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Jan 17, 2014
I've seen a few posts floating around the webternets about doing West Slabs and the Great Chimney in winter, with ice. Has anyone reading this done either? I'm wondering what the secret combination of conditions might be. Matt Selman
From Salt Lake City
Joined Jan 28, 2009
208 points
Jan 20, 2014
Rock Climbing Photo: Hand Jive
This link should give you quite a bit of info regarding an alpine ascent of the west slabs. Looks like fun.

slc-samurai.blogspot.com/2011/...
Shaun Greene
From www.UtahShaun.com
Joined Feb 23, 2006
469 points
Jan 21, 2014
Rock Climbing Photo: a
There's also this: mountainproject.com/v/boreas/1...

I've been keeping my eye out for the flow (you can spot it from the road if you know where to look) and I haven't been able to see any ice up there this season.
Sam Cannon
From Leavenworth, WA
Joined May 4, 2012
969 points
Jan 21, 2014
Re Great Chimney, you refering to this route?

Great Chimney

See the comments on that page for your answer. A low snow year like this with some warmer temps thrown in might make for good conditions sooner rather than later.
ddriver
From SLC
Joined Jul 30, 2007
321 points
Jan 21, 2014
Rock Climbing Photo: What would you rate this?  Lake Michigan.
The West Slabs & the Chimney are unreliable and ice is sometimes found in patches. There is real ice (WI4) on or near Olympus (east side), fairly reliable but not this year. Long, convoluting "maze" approach.....you need to know exactly where to go or will walk right past the ribbon start. I looked recently & it's not in but no surprise......too warm. Warbonnet
From Utah, India and Cambodia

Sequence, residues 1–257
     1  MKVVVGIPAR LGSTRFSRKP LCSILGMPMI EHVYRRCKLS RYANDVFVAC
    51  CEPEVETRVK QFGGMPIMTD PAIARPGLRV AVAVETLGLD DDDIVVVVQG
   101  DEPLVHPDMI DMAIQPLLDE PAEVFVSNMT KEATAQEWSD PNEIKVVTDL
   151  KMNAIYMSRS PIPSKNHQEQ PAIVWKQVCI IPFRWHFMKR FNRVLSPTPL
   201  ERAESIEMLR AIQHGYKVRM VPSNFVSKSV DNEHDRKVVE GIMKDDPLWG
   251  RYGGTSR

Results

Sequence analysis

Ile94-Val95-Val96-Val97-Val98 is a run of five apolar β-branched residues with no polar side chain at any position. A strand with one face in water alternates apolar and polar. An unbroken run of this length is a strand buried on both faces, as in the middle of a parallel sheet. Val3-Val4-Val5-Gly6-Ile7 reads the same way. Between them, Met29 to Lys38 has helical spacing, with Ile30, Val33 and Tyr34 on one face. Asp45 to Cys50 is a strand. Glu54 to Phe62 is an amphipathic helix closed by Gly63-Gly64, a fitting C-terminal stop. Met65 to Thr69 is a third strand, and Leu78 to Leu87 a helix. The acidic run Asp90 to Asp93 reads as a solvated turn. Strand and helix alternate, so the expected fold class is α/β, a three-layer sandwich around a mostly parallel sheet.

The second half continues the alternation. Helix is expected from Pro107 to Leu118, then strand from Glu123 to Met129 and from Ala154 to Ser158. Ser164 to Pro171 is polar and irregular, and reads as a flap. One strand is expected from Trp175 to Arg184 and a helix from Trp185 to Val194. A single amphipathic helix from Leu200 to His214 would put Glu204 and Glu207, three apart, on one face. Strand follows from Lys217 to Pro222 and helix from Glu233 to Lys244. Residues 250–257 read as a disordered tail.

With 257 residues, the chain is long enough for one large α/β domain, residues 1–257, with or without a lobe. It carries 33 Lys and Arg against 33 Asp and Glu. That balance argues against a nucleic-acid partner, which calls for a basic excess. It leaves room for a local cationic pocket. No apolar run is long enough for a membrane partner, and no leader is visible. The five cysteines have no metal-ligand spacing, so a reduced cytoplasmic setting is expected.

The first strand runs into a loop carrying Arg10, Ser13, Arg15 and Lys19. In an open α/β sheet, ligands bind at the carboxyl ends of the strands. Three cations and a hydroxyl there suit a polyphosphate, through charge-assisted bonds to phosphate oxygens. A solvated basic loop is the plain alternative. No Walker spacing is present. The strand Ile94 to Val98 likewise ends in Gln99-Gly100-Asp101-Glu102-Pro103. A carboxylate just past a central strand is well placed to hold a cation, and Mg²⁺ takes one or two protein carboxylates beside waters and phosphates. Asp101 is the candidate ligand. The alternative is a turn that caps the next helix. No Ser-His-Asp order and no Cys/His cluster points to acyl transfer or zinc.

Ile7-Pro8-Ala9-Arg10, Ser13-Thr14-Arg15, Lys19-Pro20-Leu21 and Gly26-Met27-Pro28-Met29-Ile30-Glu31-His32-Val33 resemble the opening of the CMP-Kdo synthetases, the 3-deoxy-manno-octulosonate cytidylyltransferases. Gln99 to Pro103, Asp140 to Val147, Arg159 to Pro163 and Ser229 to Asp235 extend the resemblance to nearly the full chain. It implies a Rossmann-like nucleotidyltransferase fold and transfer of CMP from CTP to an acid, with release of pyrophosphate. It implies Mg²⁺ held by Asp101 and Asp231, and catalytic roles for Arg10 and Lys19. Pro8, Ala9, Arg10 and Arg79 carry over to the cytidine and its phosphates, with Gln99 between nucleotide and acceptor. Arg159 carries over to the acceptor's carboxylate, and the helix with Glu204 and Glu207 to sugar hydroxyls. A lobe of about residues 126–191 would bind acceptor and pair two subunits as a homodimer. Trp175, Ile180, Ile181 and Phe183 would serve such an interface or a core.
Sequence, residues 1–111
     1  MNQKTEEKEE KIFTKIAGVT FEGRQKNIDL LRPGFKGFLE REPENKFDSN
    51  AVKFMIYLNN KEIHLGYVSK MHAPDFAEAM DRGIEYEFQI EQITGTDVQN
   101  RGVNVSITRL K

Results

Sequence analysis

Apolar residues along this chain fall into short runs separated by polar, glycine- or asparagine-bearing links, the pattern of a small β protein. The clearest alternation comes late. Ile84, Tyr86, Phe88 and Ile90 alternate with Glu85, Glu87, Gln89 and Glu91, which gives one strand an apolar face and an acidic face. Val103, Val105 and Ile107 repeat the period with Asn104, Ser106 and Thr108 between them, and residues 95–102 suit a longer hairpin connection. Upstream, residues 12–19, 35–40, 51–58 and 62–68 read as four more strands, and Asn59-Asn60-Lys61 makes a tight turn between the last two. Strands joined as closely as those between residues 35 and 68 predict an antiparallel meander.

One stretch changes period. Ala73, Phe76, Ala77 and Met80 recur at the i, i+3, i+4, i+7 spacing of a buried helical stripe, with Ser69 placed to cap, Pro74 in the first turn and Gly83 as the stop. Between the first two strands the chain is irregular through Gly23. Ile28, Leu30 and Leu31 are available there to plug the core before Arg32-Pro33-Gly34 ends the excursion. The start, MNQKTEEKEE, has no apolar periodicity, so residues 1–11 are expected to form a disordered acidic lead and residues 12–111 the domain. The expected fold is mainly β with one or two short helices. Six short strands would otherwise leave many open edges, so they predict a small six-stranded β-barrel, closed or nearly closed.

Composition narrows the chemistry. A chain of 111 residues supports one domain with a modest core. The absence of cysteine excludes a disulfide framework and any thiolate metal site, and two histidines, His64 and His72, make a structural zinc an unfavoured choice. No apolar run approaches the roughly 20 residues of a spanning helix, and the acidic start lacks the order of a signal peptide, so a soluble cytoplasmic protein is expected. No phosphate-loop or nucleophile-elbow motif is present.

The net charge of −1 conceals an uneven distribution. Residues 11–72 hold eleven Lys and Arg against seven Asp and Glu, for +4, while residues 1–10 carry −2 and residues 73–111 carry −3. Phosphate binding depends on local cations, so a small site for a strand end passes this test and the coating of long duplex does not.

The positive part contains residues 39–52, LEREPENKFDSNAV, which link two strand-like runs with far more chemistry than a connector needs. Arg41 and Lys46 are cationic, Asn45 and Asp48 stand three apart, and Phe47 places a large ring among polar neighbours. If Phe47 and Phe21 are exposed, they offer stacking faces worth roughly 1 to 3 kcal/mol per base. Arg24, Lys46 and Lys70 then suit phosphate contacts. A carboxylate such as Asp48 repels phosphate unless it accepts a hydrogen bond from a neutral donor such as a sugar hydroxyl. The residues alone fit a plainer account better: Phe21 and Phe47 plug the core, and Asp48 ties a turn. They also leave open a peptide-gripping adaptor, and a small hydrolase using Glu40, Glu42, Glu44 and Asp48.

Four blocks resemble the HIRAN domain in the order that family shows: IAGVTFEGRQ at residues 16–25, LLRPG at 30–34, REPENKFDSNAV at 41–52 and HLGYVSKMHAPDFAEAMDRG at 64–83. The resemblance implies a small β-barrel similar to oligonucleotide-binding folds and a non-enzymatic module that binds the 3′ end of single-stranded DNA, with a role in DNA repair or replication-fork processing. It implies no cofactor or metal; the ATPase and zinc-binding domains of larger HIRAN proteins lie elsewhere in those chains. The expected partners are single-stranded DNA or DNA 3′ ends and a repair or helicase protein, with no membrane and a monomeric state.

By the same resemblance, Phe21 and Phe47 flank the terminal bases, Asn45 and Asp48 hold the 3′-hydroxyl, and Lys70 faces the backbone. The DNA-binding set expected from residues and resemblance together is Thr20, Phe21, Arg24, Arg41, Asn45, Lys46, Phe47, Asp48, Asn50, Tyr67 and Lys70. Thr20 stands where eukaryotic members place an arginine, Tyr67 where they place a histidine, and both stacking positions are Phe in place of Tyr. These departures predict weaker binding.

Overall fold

Joined Nov 24, 2013
644 points
Jan 22, 2014
Rock Climbing Photo: What would you rate this?  Lake Michigan.
The "ribbon starts" are above Boreas. Two choices: right (towards Olympus ridge) or left & up about 250 to 300 feet. Challenging route finding, however, the left slog presents the best opportunities; head for what I call "The Diamond". (Everyone else has a "Diamond", why not us?). You can see this from the valley, esp. when a snow storm comes. It retains very little snow, hence, revealing its steepness. Prominent face. If you're lucky, right or left (above Boreas), and look for solid ribbons of ice (easily missed), you can find 2-3 pitches of WI3-4 in a good year. If you get all the way to The Diamond & try to get down, it will be late, and you might end up at the edge(s) of large cliffs. We usually bring an I-Tent, a sleeping bag and hang out, then descend to the EAST where you will find a couple of water fall climbs. Long, circuitous couple of days but, paraphrasing the movie titled: "Far From the Maddening Crowd".

To really get to know this area, hike it in the summer. More streams than expected but rattlesnake invested; take two hiking poles, ready to do battle with the slither-ettes.
Warbonnet
From Utah, India and Cambodia
Joined Nov 24, 2013
644 points


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